CLINICAL RESEARCH - DOCTORS NEW TO CANNABIS BASED MEDICINE
Cannabis Clinical Research Reports for Medical Doctors
Now that medical marijuana is legal in most parts of the United States, more medical doctors are beginning to take a serious look at it to treat their patients. Since the Federal Government forced cannabis based medicines to be removed from US Pharmacopeia back in the 1930's (when it was legal and prescribed), the medical establishment, until very recently has provided doctors with basically no information about cannabis based medicines.
However, medical research into the efficacy of cannabis in medicine is booming in some of the best research institutes and universities. Some of the most recent profound clinical findings are presented here.
GPR3, GPR6, and GPR12 as novel molecular targets: their biological functions and interaction with cannabidiol Acta Pharmacol Sin. 2018 June 25.
Discovery highlights these orphan receptors as potential new molecular targets for CBD, provides novel mechanisms of action, and suggests new therapeutic uses of CBD for illnesses such as Alzheimer's disease, Parkinson's disease, cancer, and infertility. Furthermore, identification of CBD as a new inverse agonist for GPR3, GPR6, and GPR12 provides the initial chemical scaffolds upon that potent and efficacious agents acting on these receptors can be developed, with the goal of developing chemical tools for researching these orphan receptors and ultimately new therapeutic agents.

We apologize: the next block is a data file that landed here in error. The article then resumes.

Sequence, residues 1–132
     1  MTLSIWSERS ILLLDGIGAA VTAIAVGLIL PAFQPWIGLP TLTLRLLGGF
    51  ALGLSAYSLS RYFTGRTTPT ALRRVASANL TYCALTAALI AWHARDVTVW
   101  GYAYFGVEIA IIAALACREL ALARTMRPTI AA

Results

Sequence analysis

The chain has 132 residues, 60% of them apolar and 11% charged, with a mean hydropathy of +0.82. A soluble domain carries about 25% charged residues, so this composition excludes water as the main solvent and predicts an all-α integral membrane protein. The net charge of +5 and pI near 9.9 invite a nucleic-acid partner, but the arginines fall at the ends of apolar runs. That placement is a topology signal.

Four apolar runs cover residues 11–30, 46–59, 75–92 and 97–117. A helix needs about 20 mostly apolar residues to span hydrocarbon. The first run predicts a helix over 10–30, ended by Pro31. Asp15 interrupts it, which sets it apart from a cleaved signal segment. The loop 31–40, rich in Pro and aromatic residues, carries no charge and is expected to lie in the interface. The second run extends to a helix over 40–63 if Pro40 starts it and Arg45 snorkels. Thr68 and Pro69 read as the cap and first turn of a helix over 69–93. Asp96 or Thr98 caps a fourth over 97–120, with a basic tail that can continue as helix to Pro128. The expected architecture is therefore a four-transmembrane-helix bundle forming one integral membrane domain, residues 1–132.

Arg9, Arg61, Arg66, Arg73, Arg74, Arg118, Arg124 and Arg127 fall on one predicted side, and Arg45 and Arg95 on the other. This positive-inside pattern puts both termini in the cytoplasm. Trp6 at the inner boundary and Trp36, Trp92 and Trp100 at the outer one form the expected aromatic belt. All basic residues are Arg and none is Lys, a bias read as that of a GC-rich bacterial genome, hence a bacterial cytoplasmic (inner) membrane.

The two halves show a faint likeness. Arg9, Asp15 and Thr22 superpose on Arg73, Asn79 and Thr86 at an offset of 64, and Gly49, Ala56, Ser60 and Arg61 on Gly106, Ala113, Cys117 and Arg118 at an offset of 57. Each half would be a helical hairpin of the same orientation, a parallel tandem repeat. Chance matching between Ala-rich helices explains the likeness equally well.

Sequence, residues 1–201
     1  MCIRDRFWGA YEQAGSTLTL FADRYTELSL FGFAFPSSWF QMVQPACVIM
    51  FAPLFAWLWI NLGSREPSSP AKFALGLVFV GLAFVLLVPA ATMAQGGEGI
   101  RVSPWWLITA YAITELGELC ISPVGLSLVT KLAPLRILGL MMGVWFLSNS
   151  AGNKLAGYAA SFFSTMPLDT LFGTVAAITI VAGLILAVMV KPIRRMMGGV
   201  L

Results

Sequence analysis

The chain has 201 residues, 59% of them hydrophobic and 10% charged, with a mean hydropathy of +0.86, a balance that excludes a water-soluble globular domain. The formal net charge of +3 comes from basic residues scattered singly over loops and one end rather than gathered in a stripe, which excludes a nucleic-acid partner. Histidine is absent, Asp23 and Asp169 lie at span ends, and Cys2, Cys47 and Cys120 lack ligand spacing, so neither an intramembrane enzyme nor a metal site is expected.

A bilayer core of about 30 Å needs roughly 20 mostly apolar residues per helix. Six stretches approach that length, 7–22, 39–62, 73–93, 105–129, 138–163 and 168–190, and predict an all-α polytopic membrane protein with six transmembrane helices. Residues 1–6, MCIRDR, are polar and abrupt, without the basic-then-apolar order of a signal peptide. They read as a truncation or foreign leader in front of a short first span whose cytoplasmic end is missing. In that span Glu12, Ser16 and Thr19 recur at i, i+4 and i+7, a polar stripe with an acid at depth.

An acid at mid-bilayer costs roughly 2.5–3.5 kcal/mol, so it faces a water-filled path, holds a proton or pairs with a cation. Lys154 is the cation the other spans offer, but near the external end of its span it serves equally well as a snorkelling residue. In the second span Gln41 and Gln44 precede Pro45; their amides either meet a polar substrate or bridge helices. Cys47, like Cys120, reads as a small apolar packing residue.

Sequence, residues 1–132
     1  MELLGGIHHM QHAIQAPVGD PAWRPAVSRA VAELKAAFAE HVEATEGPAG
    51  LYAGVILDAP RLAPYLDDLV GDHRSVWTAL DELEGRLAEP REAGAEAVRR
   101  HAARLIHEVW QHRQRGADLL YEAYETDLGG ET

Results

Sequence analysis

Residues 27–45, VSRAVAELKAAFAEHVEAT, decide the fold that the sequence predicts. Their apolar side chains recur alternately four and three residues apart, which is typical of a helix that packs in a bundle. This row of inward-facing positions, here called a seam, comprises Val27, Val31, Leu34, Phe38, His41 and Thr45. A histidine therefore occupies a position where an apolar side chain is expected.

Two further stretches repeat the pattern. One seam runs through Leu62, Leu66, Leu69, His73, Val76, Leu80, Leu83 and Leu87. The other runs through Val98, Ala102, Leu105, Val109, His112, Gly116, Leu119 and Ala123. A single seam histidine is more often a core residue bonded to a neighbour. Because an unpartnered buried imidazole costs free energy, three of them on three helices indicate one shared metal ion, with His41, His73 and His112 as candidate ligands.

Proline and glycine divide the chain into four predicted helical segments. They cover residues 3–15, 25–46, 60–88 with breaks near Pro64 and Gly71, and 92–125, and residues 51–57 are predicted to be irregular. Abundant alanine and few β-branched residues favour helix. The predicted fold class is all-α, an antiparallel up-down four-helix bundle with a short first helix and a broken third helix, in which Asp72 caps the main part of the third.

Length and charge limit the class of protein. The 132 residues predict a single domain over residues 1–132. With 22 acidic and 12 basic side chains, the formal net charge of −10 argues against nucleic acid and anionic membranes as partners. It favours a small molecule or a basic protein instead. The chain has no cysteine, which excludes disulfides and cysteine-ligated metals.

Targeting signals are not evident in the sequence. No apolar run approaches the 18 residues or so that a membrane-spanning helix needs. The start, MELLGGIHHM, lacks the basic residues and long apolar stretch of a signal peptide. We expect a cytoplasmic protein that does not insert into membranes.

Is Cannabidiol a Promising Substance for New Drug Development? A Review of its Potential Therapeutic Applications. Crit Rev Eukaryot Gene Expr. 2018;
Potential therapeutic applications of CBD include, analgesic, anti-inflammatory, anxiolytic, anti-arthritic, anti-depressant, anti-Alzheimer disease, anti-ischemic, neuroprotective, and anti-fibrotic. Much more promising areas might to include diabetes and cancer where CBD exhibits lesser side effects and more therapeutic benefits as compared to recent available medical therapies.Therefore, CBD is a promising substance for the development of novel drug. However further research and clinical studies are needed to explore its complete potential.
The target dose for relieving pain in medical patients with malignant conditions is most likely approximately 10 actuations per day, that is approximately 27 milligram tetrahydrocannabinol (d9THC) and 25 milligram cannabidiol (CBD), and the greatest endorsed recommended dose is 12 actuations per day (32 milligram d9THC/30 milligram CBD). Further large studies of phytocannabinoids from marijuana in homogeneous populations are needed.